Two weeks later, on 10 August 1788, Mozart made the following entry in a list of his compositions written in his own hand: “Symphony. 2 violins, 1 flute, 2 oboes, 2 bassoons, 2 French horns, 2 trumpets, timpani, violas, and basses.” His very last symphonic work contrasts with the tense, gloomy Symphony in G minor—its mood is jubilant with a tendency towards monumentality. Thanks to the huge fourth movement, the work began to be known as the “symphony with the fugal finale”. In 1808, the journal Allgemeine Musikalische Zeitung wrote that in Leipzig the work was “so popular among local lovers of the arts that it could not be denied them even for a single year.” The Symphony No. 41 in C major, K 551, was also highly regarded in London, where the score was published in 1810 with the motto “the highest triumph of instrumental composition”. The symphony has the enduring nickname “Jupiter”, which first appeared in the programme of the Edinburgh Music Festival in October 1819 and then in London at a concert of the Royal Philharmonic Society and in reviews of the concert. The symphony probably got its nickname from the London violinist and musical entrepreneur Johann Peter Salomon, emphasising the work’s quality by identifying it metaphorically with the king of the Roman gods. And the symphony’s nickname caught on.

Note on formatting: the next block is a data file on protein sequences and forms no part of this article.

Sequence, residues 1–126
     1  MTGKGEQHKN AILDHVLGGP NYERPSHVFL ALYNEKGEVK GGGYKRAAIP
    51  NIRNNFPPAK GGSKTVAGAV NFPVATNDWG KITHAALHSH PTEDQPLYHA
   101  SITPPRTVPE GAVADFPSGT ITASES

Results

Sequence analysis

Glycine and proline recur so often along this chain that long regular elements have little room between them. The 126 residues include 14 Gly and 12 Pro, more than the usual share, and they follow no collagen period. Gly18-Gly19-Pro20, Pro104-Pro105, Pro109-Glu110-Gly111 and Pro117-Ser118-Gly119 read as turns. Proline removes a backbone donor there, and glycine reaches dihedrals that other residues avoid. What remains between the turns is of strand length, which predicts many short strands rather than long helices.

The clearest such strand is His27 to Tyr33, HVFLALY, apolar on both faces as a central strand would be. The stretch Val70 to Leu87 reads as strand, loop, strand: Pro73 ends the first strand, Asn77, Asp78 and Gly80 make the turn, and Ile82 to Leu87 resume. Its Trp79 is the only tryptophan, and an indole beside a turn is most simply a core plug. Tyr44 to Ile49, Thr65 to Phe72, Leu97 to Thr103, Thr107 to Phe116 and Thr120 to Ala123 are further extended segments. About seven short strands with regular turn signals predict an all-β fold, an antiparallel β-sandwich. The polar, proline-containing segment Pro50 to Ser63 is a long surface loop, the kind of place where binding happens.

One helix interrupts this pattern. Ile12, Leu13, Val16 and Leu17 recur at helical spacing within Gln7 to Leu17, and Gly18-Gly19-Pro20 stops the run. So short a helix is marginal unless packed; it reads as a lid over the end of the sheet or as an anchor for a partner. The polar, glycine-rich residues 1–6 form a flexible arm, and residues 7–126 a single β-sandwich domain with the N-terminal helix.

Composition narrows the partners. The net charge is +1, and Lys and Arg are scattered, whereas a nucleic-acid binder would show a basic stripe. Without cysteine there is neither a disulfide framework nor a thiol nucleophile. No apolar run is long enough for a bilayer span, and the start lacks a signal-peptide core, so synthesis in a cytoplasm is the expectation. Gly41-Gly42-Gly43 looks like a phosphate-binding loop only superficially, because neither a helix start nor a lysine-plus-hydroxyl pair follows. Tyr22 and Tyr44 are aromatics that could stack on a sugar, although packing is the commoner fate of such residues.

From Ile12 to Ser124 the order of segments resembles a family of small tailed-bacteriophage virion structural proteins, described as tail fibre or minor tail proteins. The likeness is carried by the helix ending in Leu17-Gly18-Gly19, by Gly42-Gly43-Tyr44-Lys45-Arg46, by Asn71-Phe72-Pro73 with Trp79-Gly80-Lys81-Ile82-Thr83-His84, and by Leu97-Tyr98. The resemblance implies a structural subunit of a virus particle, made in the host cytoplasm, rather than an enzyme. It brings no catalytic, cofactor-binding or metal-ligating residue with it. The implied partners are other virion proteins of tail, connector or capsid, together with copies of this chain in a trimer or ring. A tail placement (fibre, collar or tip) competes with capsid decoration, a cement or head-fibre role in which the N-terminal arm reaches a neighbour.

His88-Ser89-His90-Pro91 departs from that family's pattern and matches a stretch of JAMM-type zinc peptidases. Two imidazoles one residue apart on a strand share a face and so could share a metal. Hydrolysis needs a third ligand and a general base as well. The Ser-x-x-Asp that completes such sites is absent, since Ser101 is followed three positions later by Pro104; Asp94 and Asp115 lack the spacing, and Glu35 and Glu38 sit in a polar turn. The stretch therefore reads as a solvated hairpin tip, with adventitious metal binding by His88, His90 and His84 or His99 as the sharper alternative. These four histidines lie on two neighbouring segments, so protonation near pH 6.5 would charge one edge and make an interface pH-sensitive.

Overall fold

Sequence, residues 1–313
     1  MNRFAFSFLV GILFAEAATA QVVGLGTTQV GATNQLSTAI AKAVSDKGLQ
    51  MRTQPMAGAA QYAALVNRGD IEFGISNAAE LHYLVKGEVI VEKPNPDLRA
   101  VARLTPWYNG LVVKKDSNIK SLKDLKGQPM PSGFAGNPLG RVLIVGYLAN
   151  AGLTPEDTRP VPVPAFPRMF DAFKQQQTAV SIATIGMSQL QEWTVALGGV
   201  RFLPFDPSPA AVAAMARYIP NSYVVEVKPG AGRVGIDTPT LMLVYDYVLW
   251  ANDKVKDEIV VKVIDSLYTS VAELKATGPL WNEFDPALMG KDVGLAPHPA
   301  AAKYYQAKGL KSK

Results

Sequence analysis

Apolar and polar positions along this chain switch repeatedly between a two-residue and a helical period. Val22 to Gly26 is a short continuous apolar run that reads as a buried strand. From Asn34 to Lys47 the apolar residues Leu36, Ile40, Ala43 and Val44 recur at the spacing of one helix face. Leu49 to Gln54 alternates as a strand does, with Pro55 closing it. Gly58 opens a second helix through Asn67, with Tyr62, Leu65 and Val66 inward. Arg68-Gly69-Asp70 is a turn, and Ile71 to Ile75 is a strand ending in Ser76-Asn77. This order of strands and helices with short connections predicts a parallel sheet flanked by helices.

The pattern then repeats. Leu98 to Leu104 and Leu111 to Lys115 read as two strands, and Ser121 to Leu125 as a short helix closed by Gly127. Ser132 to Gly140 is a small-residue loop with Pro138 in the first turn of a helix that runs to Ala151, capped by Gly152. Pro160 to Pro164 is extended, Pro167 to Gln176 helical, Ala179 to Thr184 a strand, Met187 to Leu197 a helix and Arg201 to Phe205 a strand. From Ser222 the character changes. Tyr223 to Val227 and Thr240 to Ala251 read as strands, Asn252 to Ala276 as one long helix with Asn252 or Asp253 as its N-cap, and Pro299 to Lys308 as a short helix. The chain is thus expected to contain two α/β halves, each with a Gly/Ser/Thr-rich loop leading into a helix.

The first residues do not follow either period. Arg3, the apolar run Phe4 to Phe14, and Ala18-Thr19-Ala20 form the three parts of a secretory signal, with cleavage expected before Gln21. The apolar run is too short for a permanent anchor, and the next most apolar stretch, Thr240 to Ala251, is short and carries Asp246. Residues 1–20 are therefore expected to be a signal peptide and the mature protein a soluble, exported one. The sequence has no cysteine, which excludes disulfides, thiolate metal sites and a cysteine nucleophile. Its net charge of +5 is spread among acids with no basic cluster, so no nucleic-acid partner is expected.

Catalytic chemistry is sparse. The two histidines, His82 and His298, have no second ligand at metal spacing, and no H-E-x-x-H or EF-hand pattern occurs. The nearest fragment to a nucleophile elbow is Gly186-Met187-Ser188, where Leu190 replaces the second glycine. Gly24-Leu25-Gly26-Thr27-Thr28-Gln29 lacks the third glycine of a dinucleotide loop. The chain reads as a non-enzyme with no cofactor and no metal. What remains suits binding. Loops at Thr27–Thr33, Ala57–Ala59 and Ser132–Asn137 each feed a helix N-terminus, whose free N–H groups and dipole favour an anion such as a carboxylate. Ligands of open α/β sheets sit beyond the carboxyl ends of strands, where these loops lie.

The main theme of the first movement contains two mutually contrasting motifs: an energetic one in forte for the whole orchestra, and a more melodic one for the strings played piano. The violins and violas introduce the second theme, then the whole orchestra plays a forte third theme. The beginning of the second movement is imbued with inner calm and luminescence, yet it is only in this movement that we find any hint of the dark shadows so typical of the Symphony in G minor. That mood emerges in the second theme, characterised by the key of C minor and the unsettling rhythm of the violins. The violins are to be muted throughout the movement, dampening their sound. A gentle menuet frames a trio built on a contrast between its playful introduction and an energetic middle section. The fourth movement is one of the most remarkable pieces of music that Mozart ever wrote—this is probably the first time in the history of the symphony that a finale is given weight equal to or even greater that that of the first movement. Moreover, the composer displays an incredible synthesis of old and new, combining fugue with sonata form, “learned” polyphony with “gallant” homophony, the Baroque with Classicism. Right at the beginning, the second violins play the main theme, which is further treated fugally, taken up successively by the first violins, violas, and cellos. Mozart uses a total of four themes and combines them with each other! In addition, all of this contrapuntal mastery is built upon the clear foundation of sonata form. The Jupiter Symphony is regarded as a highpoint of 18th-century symphonic music for good reason.